Australian Water Crisis

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The importance of water: The earth’s surface is two-thirds covered by water. Only 1% of this water is usable to us. This 1% of the world’s water supply is a important aspect for our survival. As the human body is also 75% made up of water, it is evident that water is one of the main elements responsible for life on earth. Water circulates through the land just as it does in the human body. Dehydration will kill the human rave faster than starvation. As the plants and animals we eat also depend on water, the lack of this could cause both dehydration and starvation. Not all water that looks drinkable is, as it may contain harmful elements leading to disease or even death. Almost everything relies on a water source. The processes involved in water management: Include a mis ox both policy and investment options. Policy options recognize or take advantage of the linkages between groundwater and surface water resources. Investment options involve on-ground work. Exmaples include:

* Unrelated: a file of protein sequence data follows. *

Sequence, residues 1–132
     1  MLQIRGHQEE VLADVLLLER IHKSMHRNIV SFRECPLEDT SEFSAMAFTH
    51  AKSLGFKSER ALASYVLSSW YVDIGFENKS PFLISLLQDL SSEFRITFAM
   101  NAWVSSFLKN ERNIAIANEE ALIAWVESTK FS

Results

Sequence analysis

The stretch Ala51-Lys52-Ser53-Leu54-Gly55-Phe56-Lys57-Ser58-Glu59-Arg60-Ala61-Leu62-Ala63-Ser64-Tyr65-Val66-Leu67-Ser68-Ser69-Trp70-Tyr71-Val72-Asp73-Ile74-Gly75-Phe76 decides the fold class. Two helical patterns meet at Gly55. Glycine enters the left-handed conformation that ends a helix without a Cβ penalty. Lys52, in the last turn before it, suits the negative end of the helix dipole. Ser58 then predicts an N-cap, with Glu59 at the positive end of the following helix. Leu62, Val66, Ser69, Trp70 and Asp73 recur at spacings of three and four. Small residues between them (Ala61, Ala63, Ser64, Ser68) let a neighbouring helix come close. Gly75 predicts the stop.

Policy Options:
Licencing and allocation
Water trading
Risk management
Management zones
Land use planning
Institutional arrangements
Communication

Investment Options:
Water banking
Water interception
Water supplementing
Land use
Water quality

Australia’s water usage: 2007 statistics – water consumption

Impact of water crisis: Economic:
-Costs and losses to agricultural producers
-Cost and losses to livestock producers
-Loss from timber production
-Loss from fishery production
-Loss to recreation and tourism industry
-Energy-related effects
-Decline in food production
-Rural population loss

Environmental:
-Damage to animal species
-Hydrological effects
-Damage to plant communities
-Increased number of severity of fires
-Wind and water erosion
-Reduced soil quality
-Air quality effects
-Visual and landscape quality

Social:
-Health/Disease
-Reduced quality of life, changes in lifestyle
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